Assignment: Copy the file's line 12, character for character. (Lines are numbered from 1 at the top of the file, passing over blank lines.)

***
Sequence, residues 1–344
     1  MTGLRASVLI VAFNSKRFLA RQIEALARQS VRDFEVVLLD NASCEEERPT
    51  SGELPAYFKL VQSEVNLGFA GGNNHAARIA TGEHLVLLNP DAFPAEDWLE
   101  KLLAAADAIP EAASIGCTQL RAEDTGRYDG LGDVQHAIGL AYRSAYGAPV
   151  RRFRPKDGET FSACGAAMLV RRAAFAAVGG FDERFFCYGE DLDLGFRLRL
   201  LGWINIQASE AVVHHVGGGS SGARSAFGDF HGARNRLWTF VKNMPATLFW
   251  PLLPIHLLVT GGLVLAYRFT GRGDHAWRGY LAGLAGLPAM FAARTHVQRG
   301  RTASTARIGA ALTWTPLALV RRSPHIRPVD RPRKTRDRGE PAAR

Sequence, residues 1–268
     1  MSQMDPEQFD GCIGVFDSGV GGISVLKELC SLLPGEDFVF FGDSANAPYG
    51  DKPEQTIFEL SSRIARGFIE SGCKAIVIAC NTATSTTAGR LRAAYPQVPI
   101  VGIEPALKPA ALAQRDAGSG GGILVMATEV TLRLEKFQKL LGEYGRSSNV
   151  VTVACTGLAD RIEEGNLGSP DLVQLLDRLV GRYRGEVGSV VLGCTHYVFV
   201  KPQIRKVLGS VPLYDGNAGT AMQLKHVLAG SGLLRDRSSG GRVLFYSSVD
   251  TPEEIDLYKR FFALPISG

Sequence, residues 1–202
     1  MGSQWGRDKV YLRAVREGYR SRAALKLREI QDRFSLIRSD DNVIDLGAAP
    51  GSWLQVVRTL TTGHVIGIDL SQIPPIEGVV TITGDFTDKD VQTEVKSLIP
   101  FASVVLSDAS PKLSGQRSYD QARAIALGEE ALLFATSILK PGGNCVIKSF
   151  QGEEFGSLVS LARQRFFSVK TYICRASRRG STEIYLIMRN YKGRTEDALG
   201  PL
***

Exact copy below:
   101  VGIEPALKPA ALAQRDAGSG GGILVMATEV TLRLEKFQKL LGEYGRSSNV